• The enzyme dipeptidyl peptidase-IV (DPP-IV) breaks down gliadorphin and casomorphin into harmless amino acids. However, DPP-IV function can be inhibited by the gliadin component of gluten. When DPP-IV is inhibited, less gliadorphin and casomorphin is broken down, so more of it reaches the brain.

Drivers of DPP-IV insufficiency include:

  • overconsumption of wheat and milk
  • genetic susceptibility
  • antibiotics
  • gelatin from vaccines
  • candida
  • mercury and other heavy metals
  • pesticides
  • nutritional deficiencies

Exorphins and ASD

  • Exorphins are found in urine, blood, and spinal fluid of individuals with ASD (Knivsberg et al., 2002).
  • A variety of ASD behaviours may be explained by the effects of exorphins on neurotransmitter systems (Shattock et al.,1990; Knivsberg et al., 2002), including ritualist behaviours, excessive activity, perseveration, as well as speech and language delays (Elder, 2008).
  • The effect of exorphins on the body opiate system and central nervous system may contribute to ASD-associated digestive tract symptoms of diarrhea, constipation, abdominal pain, and gastroesophageal reflux (Elder, 2008).

Recommendations for addressing exorphins:

  • support healthy nutrient status with diet and supplements
  • address leaky gut
  • follow the GFCF diet (See Orthomolecular Interventions > GFCF diet)

Environmental toxins

Environmental toxins are chemicals and substances with properties that make them harmful to health. They can be naturally occurring or human-made.

Some environmental toxins include:

  • heavy metals such as lead, cadmium, arsenic, and mercury
  • chemicals like benzene, formaldehyde, volatile organic compounds (VOCs) and phthalates
  • toxins from mold and metabolites from inappropriate intestinal flora

Key effects of environmental toxins:

  • free radical damage
  • DNA damage
  • interference with normal body reactions
  • mimic hormones
  • increase body inflammation
  • change the way cells function
  • cause cell mutations
  • kill cells

The ability to effectively metabolize environmental toxins is affected by:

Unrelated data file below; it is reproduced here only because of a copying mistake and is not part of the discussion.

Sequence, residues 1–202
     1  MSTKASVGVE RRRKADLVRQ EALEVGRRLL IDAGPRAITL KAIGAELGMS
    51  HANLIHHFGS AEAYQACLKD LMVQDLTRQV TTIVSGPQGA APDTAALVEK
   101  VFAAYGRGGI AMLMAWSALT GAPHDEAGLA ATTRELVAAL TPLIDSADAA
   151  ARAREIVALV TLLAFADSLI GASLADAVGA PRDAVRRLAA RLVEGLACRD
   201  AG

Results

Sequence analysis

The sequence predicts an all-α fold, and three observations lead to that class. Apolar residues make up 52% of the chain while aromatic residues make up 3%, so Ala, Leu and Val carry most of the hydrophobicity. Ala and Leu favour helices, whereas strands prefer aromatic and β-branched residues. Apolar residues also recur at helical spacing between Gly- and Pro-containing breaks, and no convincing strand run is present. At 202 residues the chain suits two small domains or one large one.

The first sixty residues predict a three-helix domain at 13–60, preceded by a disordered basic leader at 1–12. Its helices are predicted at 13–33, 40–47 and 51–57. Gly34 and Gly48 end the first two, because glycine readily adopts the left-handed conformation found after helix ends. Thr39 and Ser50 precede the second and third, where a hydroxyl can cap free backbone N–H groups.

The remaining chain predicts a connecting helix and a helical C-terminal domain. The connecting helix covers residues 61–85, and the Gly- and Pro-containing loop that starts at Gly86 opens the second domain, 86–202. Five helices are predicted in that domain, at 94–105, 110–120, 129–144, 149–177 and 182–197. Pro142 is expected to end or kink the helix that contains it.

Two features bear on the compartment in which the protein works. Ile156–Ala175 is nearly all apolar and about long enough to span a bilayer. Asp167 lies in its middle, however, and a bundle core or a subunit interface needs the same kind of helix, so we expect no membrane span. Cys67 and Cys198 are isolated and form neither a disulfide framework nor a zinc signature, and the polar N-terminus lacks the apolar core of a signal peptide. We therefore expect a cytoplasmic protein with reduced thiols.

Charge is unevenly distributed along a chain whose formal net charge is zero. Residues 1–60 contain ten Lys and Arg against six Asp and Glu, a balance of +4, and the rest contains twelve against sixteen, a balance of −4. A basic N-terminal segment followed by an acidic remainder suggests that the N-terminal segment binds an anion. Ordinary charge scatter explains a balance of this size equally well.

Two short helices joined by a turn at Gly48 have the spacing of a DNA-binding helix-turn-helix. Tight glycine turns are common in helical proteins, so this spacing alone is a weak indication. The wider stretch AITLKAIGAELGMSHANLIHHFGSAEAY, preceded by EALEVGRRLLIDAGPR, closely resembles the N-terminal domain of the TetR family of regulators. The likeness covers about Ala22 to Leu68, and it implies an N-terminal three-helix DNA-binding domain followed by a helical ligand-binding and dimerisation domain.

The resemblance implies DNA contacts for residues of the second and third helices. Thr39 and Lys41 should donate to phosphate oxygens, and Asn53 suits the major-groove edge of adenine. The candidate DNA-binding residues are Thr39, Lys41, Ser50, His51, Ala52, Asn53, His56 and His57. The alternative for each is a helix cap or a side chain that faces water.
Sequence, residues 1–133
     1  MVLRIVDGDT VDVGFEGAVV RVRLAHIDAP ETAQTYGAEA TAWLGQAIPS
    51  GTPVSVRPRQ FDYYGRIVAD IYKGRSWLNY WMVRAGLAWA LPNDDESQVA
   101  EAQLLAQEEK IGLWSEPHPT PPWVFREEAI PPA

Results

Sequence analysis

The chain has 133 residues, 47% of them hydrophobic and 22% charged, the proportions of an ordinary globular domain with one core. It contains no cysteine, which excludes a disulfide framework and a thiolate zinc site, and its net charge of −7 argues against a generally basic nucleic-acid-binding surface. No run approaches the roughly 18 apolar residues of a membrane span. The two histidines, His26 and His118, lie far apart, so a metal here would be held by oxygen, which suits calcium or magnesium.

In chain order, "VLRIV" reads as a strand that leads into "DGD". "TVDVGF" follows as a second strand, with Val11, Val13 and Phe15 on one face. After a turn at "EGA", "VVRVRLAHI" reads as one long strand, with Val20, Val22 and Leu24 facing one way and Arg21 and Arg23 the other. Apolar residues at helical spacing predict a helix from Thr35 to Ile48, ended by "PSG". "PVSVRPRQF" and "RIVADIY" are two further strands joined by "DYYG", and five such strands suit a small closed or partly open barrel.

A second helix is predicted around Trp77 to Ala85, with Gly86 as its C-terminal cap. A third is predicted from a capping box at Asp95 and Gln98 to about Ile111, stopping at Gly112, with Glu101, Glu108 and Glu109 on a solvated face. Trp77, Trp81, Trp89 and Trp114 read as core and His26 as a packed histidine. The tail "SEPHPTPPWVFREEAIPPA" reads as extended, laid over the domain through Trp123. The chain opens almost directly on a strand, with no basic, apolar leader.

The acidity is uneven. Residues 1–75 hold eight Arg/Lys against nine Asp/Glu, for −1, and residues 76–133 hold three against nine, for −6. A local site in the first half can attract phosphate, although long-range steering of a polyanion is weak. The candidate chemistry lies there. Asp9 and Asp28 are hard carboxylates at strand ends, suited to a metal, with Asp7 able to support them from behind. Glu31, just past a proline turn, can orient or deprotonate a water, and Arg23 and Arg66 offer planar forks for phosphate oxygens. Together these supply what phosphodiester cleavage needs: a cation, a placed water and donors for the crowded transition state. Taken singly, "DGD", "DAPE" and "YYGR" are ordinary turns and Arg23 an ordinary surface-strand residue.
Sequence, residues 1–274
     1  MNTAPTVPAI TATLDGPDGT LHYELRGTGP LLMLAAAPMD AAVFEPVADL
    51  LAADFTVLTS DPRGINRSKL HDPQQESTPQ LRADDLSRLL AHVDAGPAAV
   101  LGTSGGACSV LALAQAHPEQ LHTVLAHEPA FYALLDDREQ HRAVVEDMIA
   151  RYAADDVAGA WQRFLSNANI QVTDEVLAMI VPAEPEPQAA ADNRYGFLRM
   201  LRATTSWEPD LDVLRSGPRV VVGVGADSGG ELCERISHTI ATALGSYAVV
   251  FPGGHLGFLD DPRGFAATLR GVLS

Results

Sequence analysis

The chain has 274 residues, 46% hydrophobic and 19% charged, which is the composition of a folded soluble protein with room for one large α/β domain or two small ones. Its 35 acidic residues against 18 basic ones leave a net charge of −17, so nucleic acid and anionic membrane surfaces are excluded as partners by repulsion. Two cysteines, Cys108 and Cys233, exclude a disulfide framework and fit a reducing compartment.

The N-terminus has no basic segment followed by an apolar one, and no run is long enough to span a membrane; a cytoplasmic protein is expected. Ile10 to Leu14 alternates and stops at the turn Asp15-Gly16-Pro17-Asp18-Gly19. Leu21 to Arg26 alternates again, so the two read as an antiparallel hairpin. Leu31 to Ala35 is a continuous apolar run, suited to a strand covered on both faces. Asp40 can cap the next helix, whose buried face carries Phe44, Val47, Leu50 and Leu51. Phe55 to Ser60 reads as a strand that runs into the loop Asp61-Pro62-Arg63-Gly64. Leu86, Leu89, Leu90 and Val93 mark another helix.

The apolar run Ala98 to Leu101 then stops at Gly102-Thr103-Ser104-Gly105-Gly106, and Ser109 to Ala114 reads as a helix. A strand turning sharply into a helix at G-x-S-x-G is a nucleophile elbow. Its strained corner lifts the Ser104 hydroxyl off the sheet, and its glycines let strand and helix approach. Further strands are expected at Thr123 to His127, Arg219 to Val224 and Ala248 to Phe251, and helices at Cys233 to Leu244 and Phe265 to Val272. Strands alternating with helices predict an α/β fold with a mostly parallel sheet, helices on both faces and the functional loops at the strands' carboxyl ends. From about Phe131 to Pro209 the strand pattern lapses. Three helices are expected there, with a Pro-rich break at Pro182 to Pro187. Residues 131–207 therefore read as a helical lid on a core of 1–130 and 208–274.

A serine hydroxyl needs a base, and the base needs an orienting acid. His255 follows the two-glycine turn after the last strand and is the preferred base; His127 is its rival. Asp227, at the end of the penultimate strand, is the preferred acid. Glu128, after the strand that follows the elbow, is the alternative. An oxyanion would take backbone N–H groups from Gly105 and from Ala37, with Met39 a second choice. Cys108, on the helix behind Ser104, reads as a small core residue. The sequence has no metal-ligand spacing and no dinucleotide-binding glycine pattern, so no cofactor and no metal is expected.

• amount of specific and total exposure to toxins
  • availability of detoxification-supporting nutrients
  • detoxification capacity

Environmental toxins and children

  • Based on body weight, children eat, drink, and breathe more than adults which leads to a comparably higher intake of toxins.
  • Children are also more susceptible to chemical exposures due to rapid growth and underdeveloped protective body systems.
  • Chemical exposures for children start at conception and continue through pregnancy and childhood  (Environmental Toxins, n.d.).
  • Exposures to chemicals at critical times in a child’s development can cause life-long health issues.

Environmental toxins and ASD

Exposure to environmental toxins may increase risk of autism in genetically-susceptible people (Jyonouchi, 2009).

A study of twin pairs determined that environmental factors accounted for 55% of the risk for developing ASD compared to 37% for genetic factors (Rossignol et al., 2014).

Genetics, environmental toxins and ASD

Some individuals with ASD may be more susceptible to environmental toxins due to polymorphisms in genes required for detoxification (Rossignol et al., 2014).

Heavy metals and ASD

  • Autistic children are presumed to have impaired ability to detoxify or remove mercury and other heavy metals as a result of decreased methylation, sulfation, and antioxidant activity (Newmark, 2012).
  • Autistic children have been shown to have significantly higher urinary concentrations and body burden of mercury versus the general population (Newmark, 2012).
  • Hair and nail sample analysis has shown significantly higher concentrations of copper, lead, and mercury in autistic individuals, with a concurrent significant decrease in countering minerals magnesium and selenium. The concentrations correlated to degrees of ASD symptom severity (Lakshmi Priya & Geetha, 2011).
  • Copper excess has been found in 85 or more percent of people with ASD (Lakshmi Priya & Geetha, 2011).
  • Copper burden in ASD children correlates with severity symptoms (Lakshmi Priya & Geetha, 2011).

Addressing environmental toxins

  • Environmental and dietary sources of toxic metal exposures need to be removed as much as possible.